At the risk of sounding smug and saying ‘I told you so’, I have to point out that I am by far not the only person to have made the claim that Kyle Edmund ‘would be a top ATP player’, when I first saw him at aged 15. I made a similar claim (as did many) about Andy Murray when I first saw him aged 13.
I first met Kyle in Portugal in 2010, where I had a team from SotoTennis Academy at the G4 ITF events during the late summer. These events are traditionally strong and provide lots of competitive opportunity for many due to large draw sizes and they are comfortable events to play.
From the word ‘Go’, Kyle stood out to me on that trip. And this was before I saw him hit a tennis ball. ‘Why?’ many people have asked over the years. The same things stood out to me with Andy Murray as a youngster as with Kyle:
- Incredibly single minded
Kyle, aged 15, would join in the banter and play mini golf with the group each day, but as the other boys continued the ‘banter’ (which often led to ill discipline and an unprepared mind), Kyle seemed to know exactly when to take himself away from the others and get his mind ready for the primary job he was there for: to win tennis matches.
- A strong inner belief
I was lucky enough to share a court with a young Andy Murray on a few occasions. On the Doubles court at an ITF Pro Circuit event, as he was on his rise to becoming an international superstar, Andy shouted out: ‘I can’t believe I’m losing to these guys’. Andy was 17 at the time and he was playing myself and David Sherwood. We were British 1&2 Doubles players at the time; we had beaten Andy and his partner the previous 2 weeks. He was right though: it wasn’t a brat-ish cry, it came from deep within. He knew he was better (he was!) and the frustration was fuelled by this knowledge.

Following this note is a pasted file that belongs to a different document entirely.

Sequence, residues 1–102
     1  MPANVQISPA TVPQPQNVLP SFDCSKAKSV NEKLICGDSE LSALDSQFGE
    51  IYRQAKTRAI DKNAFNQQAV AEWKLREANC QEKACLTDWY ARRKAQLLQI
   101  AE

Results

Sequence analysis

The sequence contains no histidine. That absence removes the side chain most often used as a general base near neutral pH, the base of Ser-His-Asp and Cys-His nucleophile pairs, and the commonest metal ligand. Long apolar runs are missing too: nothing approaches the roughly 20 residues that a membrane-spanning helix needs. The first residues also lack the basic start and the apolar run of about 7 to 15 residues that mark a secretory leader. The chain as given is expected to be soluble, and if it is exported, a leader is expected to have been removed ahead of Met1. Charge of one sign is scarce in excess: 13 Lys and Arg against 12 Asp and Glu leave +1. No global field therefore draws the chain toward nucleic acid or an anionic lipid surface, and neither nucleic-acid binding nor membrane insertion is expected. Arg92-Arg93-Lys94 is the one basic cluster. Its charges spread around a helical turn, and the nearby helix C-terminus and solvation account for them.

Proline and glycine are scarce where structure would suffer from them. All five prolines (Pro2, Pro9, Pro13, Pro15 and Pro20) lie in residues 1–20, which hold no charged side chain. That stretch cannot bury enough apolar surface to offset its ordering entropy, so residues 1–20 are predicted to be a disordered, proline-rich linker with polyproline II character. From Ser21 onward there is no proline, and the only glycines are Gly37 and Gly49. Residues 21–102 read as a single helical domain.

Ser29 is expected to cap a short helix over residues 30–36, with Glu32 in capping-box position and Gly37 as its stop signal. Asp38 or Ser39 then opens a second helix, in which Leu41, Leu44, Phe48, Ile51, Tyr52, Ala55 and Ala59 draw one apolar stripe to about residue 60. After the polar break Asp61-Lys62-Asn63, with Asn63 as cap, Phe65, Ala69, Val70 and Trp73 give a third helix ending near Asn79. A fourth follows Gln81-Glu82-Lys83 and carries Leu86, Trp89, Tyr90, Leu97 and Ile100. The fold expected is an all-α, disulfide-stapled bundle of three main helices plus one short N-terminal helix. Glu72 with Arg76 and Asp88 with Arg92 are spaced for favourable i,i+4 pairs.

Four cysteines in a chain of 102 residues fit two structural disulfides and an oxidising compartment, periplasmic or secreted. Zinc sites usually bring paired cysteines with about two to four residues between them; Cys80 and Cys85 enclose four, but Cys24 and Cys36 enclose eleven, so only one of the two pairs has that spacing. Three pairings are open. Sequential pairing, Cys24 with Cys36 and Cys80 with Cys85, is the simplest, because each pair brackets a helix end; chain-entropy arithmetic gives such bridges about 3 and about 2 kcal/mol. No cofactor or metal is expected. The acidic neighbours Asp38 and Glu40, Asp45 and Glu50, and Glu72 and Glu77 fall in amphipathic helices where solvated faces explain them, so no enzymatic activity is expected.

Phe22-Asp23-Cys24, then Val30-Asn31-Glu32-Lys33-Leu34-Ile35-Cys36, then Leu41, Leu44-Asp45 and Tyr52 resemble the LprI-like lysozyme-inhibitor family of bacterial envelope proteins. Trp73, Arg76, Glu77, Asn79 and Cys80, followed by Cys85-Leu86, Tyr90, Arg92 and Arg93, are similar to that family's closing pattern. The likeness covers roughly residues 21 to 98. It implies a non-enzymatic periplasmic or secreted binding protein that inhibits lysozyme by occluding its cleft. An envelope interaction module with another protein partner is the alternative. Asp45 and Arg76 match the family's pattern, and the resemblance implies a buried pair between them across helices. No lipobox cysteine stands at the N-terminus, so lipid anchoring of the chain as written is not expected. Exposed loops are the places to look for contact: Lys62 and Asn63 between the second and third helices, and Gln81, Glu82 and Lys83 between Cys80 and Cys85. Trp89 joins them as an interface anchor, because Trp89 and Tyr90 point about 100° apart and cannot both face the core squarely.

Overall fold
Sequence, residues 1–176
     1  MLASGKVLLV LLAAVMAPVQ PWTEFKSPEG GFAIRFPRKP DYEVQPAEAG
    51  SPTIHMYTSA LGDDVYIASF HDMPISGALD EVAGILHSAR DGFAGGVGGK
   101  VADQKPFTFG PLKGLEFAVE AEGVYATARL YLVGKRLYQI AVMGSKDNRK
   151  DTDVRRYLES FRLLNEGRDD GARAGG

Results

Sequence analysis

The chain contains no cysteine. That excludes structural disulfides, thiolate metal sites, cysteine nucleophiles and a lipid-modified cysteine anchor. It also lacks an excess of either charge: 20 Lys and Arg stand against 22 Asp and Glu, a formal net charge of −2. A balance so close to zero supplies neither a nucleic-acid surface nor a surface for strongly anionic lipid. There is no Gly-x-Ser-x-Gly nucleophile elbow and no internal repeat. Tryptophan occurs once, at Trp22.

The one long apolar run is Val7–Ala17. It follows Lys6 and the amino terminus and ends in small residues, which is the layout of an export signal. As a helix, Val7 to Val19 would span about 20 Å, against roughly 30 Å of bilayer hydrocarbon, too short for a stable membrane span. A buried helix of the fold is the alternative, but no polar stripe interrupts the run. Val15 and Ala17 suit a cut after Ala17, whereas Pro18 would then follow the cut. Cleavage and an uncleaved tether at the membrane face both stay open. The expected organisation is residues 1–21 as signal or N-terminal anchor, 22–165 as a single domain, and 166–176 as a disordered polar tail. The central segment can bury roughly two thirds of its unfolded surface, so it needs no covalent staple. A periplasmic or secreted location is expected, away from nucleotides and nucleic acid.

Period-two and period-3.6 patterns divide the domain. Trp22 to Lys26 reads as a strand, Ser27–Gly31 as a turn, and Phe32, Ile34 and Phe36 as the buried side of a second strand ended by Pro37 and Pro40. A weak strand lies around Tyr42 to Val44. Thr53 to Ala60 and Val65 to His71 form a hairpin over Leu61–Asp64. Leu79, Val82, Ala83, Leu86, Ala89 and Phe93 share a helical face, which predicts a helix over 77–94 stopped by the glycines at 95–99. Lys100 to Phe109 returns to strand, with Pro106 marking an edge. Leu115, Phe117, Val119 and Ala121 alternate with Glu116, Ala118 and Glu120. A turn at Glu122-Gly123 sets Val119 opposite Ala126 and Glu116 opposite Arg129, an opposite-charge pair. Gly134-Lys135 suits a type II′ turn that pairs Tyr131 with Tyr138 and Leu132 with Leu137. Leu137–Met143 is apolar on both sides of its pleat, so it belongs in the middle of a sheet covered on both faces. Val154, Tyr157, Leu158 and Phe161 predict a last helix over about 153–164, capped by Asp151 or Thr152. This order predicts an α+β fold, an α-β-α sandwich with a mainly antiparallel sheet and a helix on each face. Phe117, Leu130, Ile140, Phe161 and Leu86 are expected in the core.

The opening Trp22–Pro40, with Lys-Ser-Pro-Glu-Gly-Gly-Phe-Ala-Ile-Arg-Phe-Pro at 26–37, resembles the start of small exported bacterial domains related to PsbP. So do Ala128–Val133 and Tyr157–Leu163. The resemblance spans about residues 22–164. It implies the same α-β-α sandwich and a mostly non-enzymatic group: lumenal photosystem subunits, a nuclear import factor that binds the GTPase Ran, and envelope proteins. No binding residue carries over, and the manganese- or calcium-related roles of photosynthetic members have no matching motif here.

Kyle was the same but in a very different way. He was always very assured on the court and looked like he had a belief that said ‘how high will I get as an ATP player?’ Rather than, ‘will I become an ATP player?’
And I know over the last couple of years he has worked hard on installing even more belief, taking himself from an extremely highly respected player who is top 50 in the world, to the Grand Slam contender we see before our eyes today. I pick this up from the interviews and the way in which he speaks, as well as from his outward positivity that shines through on the court (which maybe goes against his personality, but has made a noticeable difference). Well done to the team around him for this.
- A love of the game
Playing it. Watching it. Talking about it. Both Kyle and Andy are ‘tennis geeks’. It is the number one thing in their life and they know everything there is to know about it, no distractions, as this is their passion.
This is the fuel that brings together so many other areas in this sport, whether it is developing mental or physical fitness, or whether it is developing a stronger first serve, as Kyle has done in the off season. The motivation is fuelled by the obsession to be the best they can be in the sport that they love.
My ‘gut feeling’ on both Andy and Kyle had nothing to do with how they hit the ball (granted this is done extremely well by both), but more so from the things that we don’t see on the TV and the daily way they live their life because of the points above.
This result this week for Kyle has not happened by chance. It reflects many hours and the work of many great, committed people, day-in-day-out. Tennis doesn’t lie.
Now I hope we can celebrate an even bigger achievement this week and wish Kyle and his team all the very best for Thursday and the remainder of 2018.
What I know for sure is that Kyle will build on this week, as he has built up a strong structure and core to his work, which allows him to have a sustainable career. I don’t see a Sloane Stephens 0-7 after winning the US Open back in 2017. Tennis is his life.
Good luck Kedders and we will see you in Marbella next week for the Davis Cup – we are behind you all the way!
Dan and all of #teamsoto
Director, SotoTennis Academy
Inspiring Excellence | Tennis Academy Spain